Three Super Stars releases--Foghorn Leghorn & Friends: Barnyard Bigmouth, Road Runner & Wile E. Coyote: Supergenius Hijinks, and Pepe le Pew: Zee Best of zee Best--offered the choice of aspect ratios. By the time the next title in the series came out, Porky & Friends: Hilarious Ham, a startling discovery was made. Widescreen versions were completely absent from the disc, despite text on the back cover indicating that they were included. Full screen versions had finally won out, but the Super Stars series as a whole was barely surviving, with lazy quality control, sloppy menu design, and lackluster cartoon selection plaguing what could have been a very promising product line. Only one more Super Stars title would come out, Sylvester & Hippety Hopper: Marsupial Mayhem, before the series uncerimoniously ended; once again, all of the cartoons were presented in full frame.

While the Super Stars series struggled to find its voice, the more collector-friendly Platinum Collection series of Blu-rays catered to the die-hard fans with commentaries, behind-the-scenes features, and other bonuses that were once the norm on Looney Tunes DVD releases. And as a clear sign of what collectors wanted, all of the cartoons from all eras were presented in full frame, including a couple of shorts that were cropped in that first Super Stars wave!

Despite Warner's attempts to rectify the situation going forward, there is nevertheless almost two dozen cartoons lost in the shuffle that were only presented cropped into widescreen--and sadly, a couple of these cropped versions have since turned up again on other releases. This problem needs to be fixed while physical media is still around.

The most important thing you as a consumer can do is let Warner Home Video know that you want to see the corrected versions released, either through a replacement disc or an all-new compilation.

To be very clear, the entire full frame images of the films were remastered. The transfers were cropped afterward while the discs were being authored. Warner does not need to be convinced to spend additional money to remaster them again, just to release them as they were originally remastered!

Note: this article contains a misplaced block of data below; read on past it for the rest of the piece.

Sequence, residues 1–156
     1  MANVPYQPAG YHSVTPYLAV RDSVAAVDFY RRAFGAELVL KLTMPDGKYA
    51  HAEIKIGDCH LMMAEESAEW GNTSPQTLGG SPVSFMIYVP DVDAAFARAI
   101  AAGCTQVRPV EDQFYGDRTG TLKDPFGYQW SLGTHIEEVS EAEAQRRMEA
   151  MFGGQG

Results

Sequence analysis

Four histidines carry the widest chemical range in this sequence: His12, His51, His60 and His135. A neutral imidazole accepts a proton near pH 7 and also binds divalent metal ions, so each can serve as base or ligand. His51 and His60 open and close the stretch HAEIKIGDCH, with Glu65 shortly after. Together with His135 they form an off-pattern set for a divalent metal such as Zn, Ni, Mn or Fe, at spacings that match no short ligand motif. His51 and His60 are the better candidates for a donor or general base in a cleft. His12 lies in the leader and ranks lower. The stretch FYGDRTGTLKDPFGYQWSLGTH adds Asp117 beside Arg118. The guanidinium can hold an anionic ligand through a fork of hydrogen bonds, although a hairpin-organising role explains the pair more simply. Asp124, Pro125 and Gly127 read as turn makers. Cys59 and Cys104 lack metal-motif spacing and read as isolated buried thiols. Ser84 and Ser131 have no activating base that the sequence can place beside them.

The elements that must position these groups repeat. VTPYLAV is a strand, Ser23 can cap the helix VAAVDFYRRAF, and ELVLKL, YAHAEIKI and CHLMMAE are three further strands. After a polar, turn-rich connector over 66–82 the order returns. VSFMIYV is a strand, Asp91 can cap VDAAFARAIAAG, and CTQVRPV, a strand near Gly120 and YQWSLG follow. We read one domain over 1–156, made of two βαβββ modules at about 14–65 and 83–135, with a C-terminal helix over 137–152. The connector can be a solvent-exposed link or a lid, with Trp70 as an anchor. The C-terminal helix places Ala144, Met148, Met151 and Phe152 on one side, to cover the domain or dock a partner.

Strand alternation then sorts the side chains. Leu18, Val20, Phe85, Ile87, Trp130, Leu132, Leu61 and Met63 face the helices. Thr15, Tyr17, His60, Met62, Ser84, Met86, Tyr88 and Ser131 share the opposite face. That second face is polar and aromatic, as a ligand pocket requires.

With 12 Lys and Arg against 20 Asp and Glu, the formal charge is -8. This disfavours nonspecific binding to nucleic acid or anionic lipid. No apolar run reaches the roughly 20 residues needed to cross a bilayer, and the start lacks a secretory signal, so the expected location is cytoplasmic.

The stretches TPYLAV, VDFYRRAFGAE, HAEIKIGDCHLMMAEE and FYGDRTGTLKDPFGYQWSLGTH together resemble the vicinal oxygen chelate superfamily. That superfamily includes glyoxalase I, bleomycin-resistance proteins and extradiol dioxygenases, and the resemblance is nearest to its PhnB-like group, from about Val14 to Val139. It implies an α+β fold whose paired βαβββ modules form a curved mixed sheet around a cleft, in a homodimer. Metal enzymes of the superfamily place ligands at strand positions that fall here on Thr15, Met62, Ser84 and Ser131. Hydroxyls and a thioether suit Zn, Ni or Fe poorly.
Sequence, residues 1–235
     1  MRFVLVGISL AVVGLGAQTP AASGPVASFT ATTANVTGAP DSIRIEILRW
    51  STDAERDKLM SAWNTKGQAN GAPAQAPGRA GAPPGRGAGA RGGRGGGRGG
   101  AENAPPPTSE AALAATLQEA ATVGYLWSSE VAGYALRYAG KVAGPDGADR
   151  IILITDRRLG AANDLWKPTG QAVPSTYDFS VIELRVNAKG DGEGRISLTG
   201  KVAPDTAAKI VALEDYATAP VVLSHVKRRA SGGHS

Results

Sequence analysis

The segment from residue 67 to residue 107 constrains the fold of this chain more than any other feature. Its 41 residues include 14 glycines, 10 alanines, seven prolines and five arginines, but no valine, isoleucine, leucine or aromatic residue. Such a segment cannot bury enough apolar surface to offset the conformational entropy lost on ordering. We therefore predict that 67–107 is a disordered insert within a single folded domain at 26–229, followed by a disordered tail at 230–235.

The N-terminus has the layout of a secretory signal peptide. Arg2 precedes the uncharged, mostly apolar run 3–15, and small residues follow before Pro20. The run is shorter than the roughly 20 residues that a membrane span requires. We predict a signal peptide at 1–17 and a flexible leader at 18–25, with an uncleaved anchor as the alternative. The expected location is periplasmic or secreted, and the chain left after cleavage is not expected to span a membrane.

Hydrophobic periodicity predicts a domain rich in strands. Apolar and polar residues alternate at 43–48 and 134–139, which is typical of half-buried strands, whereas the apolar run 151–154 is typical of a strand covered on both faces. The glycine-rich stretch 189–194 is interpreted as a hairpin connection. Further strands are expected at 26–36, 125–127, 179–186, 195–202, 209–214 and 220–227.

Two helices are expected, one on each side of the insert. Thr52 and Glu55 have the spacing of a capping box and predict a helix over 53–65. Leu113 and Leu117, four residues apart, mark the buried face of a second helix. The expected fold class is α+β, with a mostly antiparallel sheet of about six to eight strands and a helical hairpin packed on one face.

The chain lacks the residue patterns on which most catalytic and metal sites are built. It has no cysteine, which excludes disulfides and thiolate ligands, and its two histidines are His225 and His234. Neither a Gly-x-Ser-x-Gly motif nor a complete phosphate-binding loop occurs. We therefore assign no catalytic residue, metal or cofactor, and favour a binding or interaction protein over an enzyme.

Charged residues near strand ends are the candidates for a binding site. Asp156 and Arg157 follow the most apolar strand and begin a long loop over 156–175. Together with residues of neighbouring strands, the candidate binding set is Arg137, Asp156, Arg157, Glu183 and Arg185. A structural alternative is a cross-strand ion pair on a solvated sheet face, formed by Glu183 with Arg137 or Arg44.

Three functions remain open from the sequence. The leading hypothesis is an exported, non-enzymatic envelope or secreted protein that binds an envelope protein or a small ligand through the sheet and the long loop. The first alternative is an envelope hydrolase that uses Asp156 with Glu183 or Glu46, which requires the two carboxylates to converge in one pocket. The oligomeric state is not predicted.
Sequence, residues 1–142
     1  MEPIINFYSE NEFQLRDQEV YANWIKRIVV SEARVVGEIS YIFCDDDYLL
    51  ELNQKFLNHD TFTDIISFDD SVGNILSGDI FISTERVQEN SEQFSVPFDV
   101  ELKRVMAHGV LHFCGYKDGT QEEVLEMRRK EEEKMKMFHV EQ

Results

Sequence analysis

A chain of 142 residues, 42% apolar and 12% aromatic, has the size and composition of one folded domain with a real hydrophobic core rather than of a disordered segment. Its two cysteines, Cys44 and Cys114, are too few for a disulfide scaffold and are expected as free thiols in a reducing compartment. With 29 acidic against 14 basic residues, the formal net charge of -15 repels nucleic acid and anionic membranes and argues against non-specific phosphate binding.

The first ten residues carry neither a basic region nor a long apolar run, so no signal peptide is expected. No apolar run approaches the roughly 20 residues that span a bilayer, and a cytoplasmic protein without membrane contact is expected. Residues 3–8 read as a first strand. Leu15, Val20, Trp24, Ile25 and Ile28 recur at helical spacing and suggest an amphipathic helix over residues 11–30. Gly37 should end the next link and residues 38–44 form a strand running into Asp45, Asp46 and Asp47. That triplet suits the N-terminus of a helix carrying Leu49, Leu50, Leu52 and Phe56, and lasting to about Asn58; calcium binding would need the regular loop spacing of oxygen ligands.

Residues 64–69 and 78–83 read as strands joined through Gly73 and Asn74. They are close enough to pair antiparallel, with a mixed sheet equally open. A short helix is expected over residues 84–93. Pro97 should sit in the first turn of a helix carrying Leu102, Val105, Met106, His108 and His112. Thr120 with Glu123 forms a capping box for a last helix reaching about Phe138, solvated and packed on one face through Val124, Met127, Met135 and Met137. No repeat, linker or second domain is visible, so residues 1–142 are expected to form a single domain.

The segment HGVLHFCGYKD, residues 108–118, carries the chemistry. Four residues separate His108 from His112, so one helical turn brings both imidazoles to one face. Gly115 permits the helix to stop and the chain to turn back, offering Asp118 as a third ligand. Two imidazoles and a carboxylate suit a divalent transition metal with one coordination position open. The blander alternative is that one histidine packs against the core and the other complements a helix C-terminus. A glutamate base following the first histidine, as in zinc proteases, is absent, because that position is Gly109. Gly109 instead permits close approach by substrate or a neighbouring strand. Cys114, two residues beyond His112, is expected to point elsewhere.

In the past, Warner Home Video readily corrected issues on general retail releases that only concerned a select few--especially in the realm of aspect ratios.

In August 2001 the label faced criticism when it only offered a special edition DVD of Willy Wonka and the Chocolate Factory in full screen. Enough consumers complained to the point that Warner quickly released a "special widescreen edition" just three months later--offering a choice. And a number of the studio's Stanley Kubrick movies have been made available in both director-preferred full screen editions and theatrically correct widescreen editions, so Warner is no stranger to respecting artistic intent.

Warner had previously offered replacement discs to make amends for mistakes on releases for Superman: The Movie, the 1960s Batman series, Popeye boxed sets, and yes, even Looney Tunes compilations. There is definitely a precedent for the studio wanting to do right by die-hard fans.

And it's important to reiterate that the entire full frame images of these films have already been remastered, so it would cost Warner nothing to "fix" these cartoons on future releases.

If you'd like to write a physical, heartfelt, good ol' fashioned snail mail letter, Warner Home Video's general address is below. Time and time again it has been shown that personal physical letters carry a great deal of weight when trying to contact a big, faceless corporation.

write to the studio at:
Warner Home Entertainment
Attn: Family Entertainment
4000 Warner Blvd.
Burbank, CA 91522

More direct, immediate messages can be conveyed to the studio on Twitter. There is no guarantee that anyone with any authority will reply or even read your tweet, but it will nevertheless make your feelings known, and being posted publicly might make more people aware of the situation.

tweet the studio at:
@WBHomeEnt

In addition to Warner Home Video proper, one other entity that should be made aware of the issue is Warner Archive, the label's imprint of specialized, collector-minded, burn-on-demand releases. Warner Archive is a little more interactive on social media than their faceless big brother, and it would not be outside the realm of possibility for a "corrected" compilation to be handled through them.

tweet Warner Archive at:
@WarnerArchive

The studio can also be indirectly contacted through its Facebook page, although it's even less likely that anyone would read messages there than they would on Twitter. Warner's page does not have a "post on their wall" type of function where people can post random messages whenever--so you would have to "follow" their page, wait until they post something related to a home video release (don't be picky on the genre), and then respond in the comments section of the post.

you can follow the studio on Facebook at:
warnerbrosent

(Warner Home Video also used to maintain a specific Facebook page for its "classic animation" releases, but it has more or less been abandoned.)

#FinishTheWabbit
And you're of course under no obligation to, but if you do plan to post messages on social media, feel free to incorporate our site's #FinishTheWabbit campaign, where we're trying to urge Warner Home Video to get the rest of Bugs Bunny's catalog remastered and properly released (uncut and uncropped).